Zero Trust Networks: Best Practices To “Divide and Rule” Your Network

By Dana Katz, Product Marketing Manager

Zero Trust security is no longer just a concept. It has become an essential security strategy that helps organizations protect their valuable data in a “perimeter-everywhere” world. Implementing Zero Trust Networks, the key principle of the Zero Trust security model, is crucial in preventing malicious lateral movement within the network.

In this blog post, we will share the best practices and technologies enabling the practical implementation of Zero Trust Networks.

Today, 34% of cyber-attacks are perpetrated by insiders[1], making it clear that legacy security infrastructures, characterized with flat networks, are dangerously ineffective. Using stolen credentials and compromised devices, hackers have managed to gain privileged access, move laterally within enterprise networks, and steal valuable data for months, without being detected.  As evidence, 1.76 billion records were leaked in January 2019 alone [2].

Zero Trust Networks To The Rescue

Zero Trust Networks is about having the ability to “Divide and Rule” your network in order to reduce the risk of lateral movement. The key idea is to create a network segmentation by placing multiple inspection points within the network to block malicious or unauthorized lateral movement; so in the event of a breach, the threat is easily contained and isolated.

The best practice is to create a very granular segmentation by defining “least privileged” access control strategy; where user/system can gain access only to the resources that they are meant to use. For example, an access to source code should be granted only to R&D team members. This way only the absolute minimum, legitimate traffic between segments is allowed, while everything else is automatically denied.

Read more on our Ultimate Guide to Zero Trust Security.

Figure 1: Zero Trust Networks Best Practices

Best Practices To Zero Trust Networks

  • Identify the data and assets that are valuable to the organization, e.g. the customer database, source code, smart building management systems, etc.
  • Classify the level of sensitivity of each asset – such as ‘highly restricted,’ e.g. the customer database, ‘restricted,’ e.g. the HR portal, which is open to all employees, including the level of sensitivity of public assets, such as the corporate website.
  • Map data flows among all entities across your network, including:
    1. North-bound traffic, such as sales teams accessing via managed devices on the corporate network only.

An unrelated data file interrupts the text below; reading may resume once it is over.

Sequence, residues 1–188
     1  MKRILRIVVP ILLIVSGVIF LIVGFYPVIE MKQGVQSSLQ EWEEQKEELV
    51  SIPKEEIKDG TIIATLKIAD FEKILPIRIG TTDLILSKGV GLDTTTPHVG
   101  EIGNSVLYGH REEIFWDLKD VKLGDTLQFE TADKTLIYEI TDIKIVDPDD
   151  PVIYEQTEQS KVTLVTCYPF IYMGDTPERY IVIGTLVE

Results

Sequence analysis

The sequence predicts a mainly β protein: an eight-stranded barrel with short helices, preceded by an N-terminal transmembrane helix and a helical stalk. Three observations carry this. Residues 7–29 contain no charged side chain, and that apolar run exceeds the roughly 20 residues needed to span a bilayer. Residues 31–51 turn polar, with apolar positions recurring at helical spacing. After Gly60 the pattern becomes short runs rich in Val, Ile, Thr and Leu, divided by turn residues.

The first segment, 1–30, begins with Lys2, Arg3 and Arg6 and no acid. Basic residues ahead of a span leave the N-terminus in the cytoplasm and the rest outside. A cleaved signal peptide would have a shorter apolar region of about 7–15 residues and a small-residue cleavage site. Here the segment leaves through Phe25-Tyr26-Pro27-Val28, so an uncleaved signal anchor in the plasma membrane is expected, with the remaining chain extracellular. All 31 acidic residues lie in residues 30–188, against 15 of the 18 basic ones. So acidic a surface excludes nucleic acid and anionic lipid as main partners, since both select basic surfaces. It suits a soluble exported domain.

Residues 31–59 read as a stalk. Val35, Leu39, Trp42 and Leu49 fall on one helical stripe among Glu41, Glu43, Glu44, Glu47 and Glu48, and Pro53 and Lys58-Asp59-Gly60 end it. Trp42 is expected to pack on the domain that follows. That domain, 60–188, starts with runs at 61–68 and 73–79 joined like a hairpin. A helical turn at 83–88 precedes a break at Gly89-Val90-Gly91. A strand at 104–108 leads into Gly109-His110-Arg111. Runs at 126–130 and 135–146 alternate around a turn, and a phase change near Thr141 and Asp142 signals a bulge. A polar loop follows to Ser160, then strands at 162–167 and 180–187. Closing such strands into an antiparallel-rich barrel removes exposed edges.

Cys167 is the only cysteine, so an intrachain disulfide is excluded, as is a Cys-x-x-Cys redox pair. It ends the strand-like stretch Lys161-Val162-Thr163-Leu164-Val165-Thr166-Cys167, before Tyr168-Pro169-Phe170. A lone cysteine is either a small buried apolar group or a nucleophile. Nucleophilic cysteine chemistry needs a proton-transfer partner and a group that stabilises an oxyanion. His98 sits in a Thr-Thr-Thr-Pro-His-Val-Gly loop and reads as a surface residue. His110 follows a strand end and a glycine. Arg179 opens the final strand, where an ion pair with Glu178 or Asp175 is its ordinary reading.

2. East-West traffic, such as from a frontend web portal to backend servers.
    3. South-bound traffic, such as from the website backend server to Google Analytics via the internet.
  • Group assets with similar functionalities and sensitivity levels into the same micro-segment. For example, all R&D internal assets, such as source code and ticket management system.
  • Deploy a segmentation gateway, whether virtual or physical, to achieve control over each segment.
  • Define a “least privilege” access policy to each of these assets, for example, allowing each R&D group to access only their own team’s source code.

Tip: Find the right balance between the granularity of the segmentation and the number of perimeters or micro-segments that can effectively and efficiently be managed.

Read our Ultimate Guide to Zero Trust Security for more best practices

Adopt Zero Trust Networks With Check Point Security Gateways

Check Point Security Gateways enable you to micro-segment the network across your entire IT infrastructure, and across private/public cloud and corporate network environments. They also enable you to apply a unified policy for users, devices applications, and zones.

Integration with Check Point Identity Awareness and Application Control enables you to set and enforce a granular policy that is context-identity-aware and to achieve a “Least Privileged” access control. For example, you can limit access to specific users on specific devices, during specific times, and in certain geolocations. You can limit the usage of applications and features within them and limit access to specific elements of data, e.g. credit card, source code, or Social Security numbers.

With full control of all east-west traffic at the application level, these security gateways accurately inspect and block unauthorized traffic between segments, while allowing only the absolute minimum, legitimate traffic.

Figure 2: Security Gateways for Zero Trust Networks

Take a few moments to watch this video to learn how Check Point Infinity, our consolidated security architecture, lets you fully and successfully implement all of the principles of the Zero Trust security model.

Click here to learn about Absolute Zero Trust by Check Point Infinity.

[1] Verizon DBIR 2019

[2] 2 List of data breaches and cyber attacks in January 2019, IT governance